A group of teenagers had jumped the fence of the old battery factory. Apparently there are three Poke Stops inside, two of which are overlapping. The third, though, is inaccessible unless you go through the basement. The spot is a memorial for the company founder, and is located in the viewing area above a group of vats. As the factory deteriorated, the catwalk leading to the memorial had fallen. To reach the Poke Stop, the kids had traversed the profoundly toxic basement. They reached the Poke Stop without incident, but then one of them saw something called a Lapras on his radar.
One kid, David, headed in one direction, while his friends went in others. Whoever found the Lapras was going to yell and his friends could come catch it for themselves. It was David who found the Lapras. But it was also David who, in the process of yelling and gesturing to his friends, slipped.
When David slipped, he crashed into an unlabeled, rusty container. His friends saw the whole thing. The container, filled with contents that had corroded it over the years, burst. From the waist down, David was completely covered with a viscous, caustic combination of concentrated acid and various, unknown industrial toxins.
The friends received severe burns on their hands and arms when they hauled David out of the building and into the car. After they pulled the car up to the ER doors, a very kind, but very dumb, samaritan, who’d been nearby, rushed to help. He made the mistake of grabbing David by his foot and ankle. He degloved David’s leg all the way to his crotch. The sloughed skin splashed onto the pavement as the samaritan screamed with horror, and then pain, as steam began to rise from his own hands.
Long, terrible story short: surgeons had to amputate everything below David’s ribcage. The rest of his skin was damaged beyond repair, leaving him covered with an otherworldly patchwork of hard, gray burns. His friends, as well as the dumb samaritan, lost their hands. Two of the ER rooms needed to be closed for 48 hours so they could be decontaminated. Of all the Pokemon Go accidents we’d had in the short time following its release, it was the worst.
One might think the accident would deter other people from going to the industrial zones. Quite the contrary. Once people learned they could catch a Lapras near that factory, despite warnings and promises to arrest trespassers, trainers swarmed. They knew no one would be there to arrest them. Cops had better things to do.
Two days later, we had a handful of patients with burned lungs, a few with debilitating fatigue, and two pregnancy complications, both of which ended in miscarriages. The remains of the fetuses were indescribably deformed. How such deformities could occur in such a short period of time was beyond anyone’s guess.
I needed to take my mind off everything I’d seen, so what did I do? I played Pokemon Go. I used the Poke Stop at the hospital frequently. Whenever I had a spare moment, I’d go into the parking lot and catch pidgeys and ratattas. I yearned for the bigger, better Pokemon that I knew could be obtained from the old factories. I even drove up to the fence outside one and saw something huge on my radar, but I was too afraid for my own safety to get out and investigate. In the brief period I was sitting in my car out front, I watched six people hop the fence and run into the factory. I admit, I felt a little jealous. I forced myself to get over it.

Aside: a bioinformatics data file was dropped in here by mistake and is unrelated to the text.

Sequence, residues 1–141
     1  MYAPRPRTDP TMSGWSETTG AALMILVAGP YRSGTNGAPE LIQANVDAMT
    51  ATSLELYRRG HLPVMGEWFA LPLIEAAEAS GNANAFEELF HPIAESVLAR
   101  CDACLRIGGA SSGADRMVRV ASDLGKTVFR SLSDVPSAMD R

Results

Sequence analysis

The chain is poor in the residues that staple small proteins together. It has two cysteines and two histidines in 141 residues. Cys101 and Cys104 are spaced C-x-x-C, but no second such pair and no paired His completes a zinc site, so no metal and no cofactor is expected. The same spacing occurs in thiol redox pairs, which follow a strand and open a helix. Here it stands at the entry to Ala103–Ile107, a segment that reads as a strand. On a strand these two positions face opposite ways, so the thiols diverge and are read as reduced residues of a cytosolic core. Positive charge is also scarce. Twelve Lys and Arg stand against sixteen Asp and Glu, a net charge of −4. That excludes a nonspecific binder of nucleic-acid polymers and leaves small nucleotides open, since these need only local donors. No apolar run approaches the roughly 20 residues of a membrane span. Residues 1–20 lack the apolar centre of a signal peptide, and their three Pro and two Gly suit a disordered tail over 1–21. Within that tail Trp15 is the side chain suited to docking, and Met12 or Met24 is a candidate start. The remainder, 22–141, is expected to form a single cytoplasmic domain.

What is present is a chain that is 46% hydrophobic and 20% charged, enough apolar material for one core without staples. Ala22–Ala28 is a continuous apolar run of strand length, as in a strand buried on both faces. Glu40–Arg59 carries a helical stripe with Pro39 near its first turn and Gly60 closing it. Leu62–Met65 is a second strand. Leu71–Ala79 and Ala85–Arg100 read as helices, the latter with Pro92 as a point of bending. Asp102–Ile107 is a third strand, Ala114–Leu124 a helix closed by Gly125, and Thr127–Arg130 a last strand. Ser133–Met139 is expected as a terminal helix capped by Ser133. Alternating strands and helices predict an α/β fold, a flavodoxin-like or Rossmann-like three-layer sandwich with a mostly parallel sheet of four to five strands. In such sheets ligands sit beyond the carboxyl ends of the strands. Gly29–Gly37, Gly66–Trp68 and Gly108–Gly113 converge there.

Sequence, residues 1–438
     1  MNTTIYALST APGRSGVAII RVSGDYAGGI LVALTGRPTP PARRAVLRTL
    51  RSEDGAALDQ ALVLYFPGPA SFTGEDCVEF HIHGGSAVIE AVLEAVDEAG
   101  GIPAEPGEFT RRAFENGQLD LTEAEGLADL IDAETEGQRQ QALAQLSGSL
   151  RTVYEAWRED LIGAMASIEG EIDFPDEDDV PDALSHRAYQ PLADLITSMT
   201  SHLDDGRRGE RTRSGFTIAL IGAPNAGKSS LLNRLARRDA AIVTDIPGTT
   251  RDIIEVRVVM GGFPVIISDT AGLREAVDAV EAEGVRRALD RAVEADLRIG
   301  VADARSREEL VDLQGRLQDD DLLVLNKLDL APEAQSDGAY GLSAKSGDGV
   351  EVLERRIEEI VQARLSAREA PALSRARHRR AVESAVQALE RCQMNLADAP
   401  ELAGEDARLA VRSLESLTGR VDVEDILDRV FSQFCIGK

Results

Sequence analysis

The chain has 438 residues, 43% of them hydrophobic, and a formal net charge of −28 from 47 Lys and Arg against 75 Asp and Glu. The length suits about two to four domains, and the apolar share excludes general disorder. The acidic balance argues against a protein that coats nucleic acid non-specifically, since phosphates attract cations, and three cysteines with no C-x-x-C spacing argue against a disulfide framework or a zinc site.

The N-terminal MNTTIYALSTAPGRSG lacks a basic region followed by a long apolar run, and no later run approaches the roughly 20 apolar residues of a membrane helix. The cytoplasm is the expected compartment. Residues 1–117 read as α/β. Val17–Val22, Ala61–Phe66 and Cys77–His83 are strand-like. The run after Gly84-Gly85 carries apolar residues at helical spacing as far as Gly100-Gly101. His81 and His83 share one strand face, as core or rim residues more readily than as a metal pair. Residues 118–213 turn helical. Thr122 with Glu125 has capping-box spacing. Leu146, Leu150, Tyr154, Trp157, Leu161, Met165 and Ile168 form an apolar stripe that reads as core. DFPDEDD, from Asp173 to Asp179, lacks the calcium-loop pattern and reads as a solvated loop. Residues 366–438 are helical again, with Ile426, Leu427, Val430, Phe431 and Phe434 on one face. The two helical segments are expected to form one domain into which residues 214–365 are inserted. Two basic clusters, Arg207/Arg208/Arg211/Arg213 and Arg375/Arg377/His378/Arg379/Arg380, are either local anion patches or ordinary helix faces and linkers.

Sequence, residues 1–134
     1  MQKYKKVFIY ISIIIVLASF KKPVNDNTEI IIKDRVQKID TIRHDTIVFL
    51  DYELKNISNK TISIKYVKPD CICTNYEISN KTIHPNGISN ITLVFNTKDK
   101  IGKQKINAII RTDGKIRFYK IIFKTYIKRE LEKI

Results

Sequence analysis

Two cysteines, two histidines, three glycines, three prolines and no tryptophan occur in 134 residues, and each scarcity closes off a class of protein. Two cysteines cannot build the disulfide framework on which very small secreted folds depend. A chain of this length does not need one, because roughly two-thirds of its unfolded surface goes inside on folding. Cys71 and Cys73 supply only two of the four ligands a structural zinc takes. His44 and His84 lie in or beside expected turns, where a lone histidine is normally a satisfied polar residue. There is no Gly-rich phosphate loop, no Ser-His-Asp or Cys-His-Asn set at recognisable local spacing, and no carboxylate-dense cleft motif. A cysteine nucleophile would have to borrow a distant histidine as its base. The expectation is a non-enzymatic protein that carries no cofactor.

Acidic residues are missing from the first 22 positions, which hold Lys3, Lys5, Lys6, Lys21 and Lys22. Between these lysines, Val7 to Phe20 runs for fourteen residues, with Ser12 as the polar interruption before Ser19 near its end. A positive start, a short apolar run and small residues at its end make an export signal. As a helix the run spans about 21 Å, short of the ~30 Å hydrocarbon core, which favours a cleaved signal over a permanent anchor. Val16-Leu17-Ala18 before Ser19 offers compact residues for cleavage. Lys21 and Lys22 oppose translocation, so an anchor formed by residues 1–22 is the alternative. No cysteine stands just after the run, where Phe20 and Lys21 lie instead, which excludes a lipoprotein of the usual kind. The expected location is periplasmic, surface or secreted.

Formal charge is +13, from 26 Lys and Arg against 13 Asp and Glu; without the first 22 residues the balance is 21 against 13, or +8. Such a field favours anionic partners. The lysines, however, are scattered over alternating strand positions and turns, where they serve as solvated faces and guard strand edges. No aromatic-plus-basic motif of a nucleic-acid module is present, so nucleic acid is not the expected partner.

Last night started like all the other nights since the game had been released, but turned into a tragedy felt hospital-wide. Lenisha Davis, who’d undergone successful fertility treatments a few months prior, was expecting sextuplets – a first for our hospital. She was in excellent health and only a month away from her due date. She’d never played a second of Pokemon in her life, but her husband and son had. Lenisha never knew they’d frequented an abandoned factory that once made herbicides. Over the few days they’d gone and come back, Lenisha was walking barefoot on the toxins they’d tracked into the house.
The pain and bleeding that caused her to come to the hospital ended the same way as it had for the other pregnant women exposed to the toxins. The deformities of her miscarried sextuplets were hideous. Their complexions were albino and their limbs were gone. All that remained were round, hard blobs containing lidless, glaring eyes and fully-toothed, gaping mouths. Lenisha had to be sedated. She wouldn’t stop screaming.
The image of the sextuplets stuck with me. I was scheduled for an overnight shift, and there was a free bunk where I could’ve slept, but that was out of the question. I wandered the halls aimlessly, watching for Pokemon, and gathering supplies whenever I passed the Poke Stop.
Around 3 this morning, I saw a shape on my radar. It was a big one, and I think it was nearby. Two other, smaller ones, were also showing up. I speed-walked in all directions until I finally saw them appear on my map. I felt pretty lucky to have them all come at once. Seven balls later, I’d captured all three. A horsea, a kakuna, and the big one was an exeggcute.
I looked around. I’d walked without paying attention to my location in the hospital. When I realized where I’d gone, I shuddered. It was where abnormal specimens were dissected and tested. Dr. Ahad was working on one of the deformed miscarriages from the day before. To his side, about to go into the refrigeration unit, was a large biohazard bag containing Lenisha’s sextuplets.
Sorrow suffused through me as the scenario played out again in my head. As I stared, a feeling I can’t explain pricked the hair on the back of my neck. My phone vibrated in my pocket. There was a Pokemon nearby. I checked the radar. It was the silhouette of a big round thing with two arms. I remember seeing that online when I was learning about the game. A geodude.
I did my best to shake off my misery as I trawled the halls until the geodude showed up. I caught it, had a little moment of excitement from adding another entry to my Pokedex, then returned to my weariness and sorrow. I checked where I was. I was right in front of David’s room. He was on a ventilator and he was covered in bandages. Fluid kept seeping through his gray, cracked skin. A nurse was getting ready to change his gauze. I felt such sympathy for the kid. My eyes blurred with tears.
While my eyes welled up, I stared at the shape of David on the bed. Gray, with a round, hipless torso and two long arms. My breath caught in my throat. Before I knew it, I was running back to where Dr. Ahad had been working. The room was dark. He’d gone home for the night.
I scanned my keycard and let myself in. I opened the refrigeration units and removed the two bags of the miscarriages from the days before. One was shaped like a seahorse. Another looked like a cocoon. I thought back to the three I’d caught right outside the room.
My hands shook as I opened the larger cold box housing the remains of Lenisha’s sextuplets. The inside of the bag was coated with grayish-red slime and I couldn’t see the contents. I put on gloves and made the sign of the cross. As tears ran down my face, I took out each horrifically-deformed fetus and arranged them on sample trays. My weeping turned to wracking sobs as I examined their features. Pink. Limbless. Wide eyed.
Six in a row.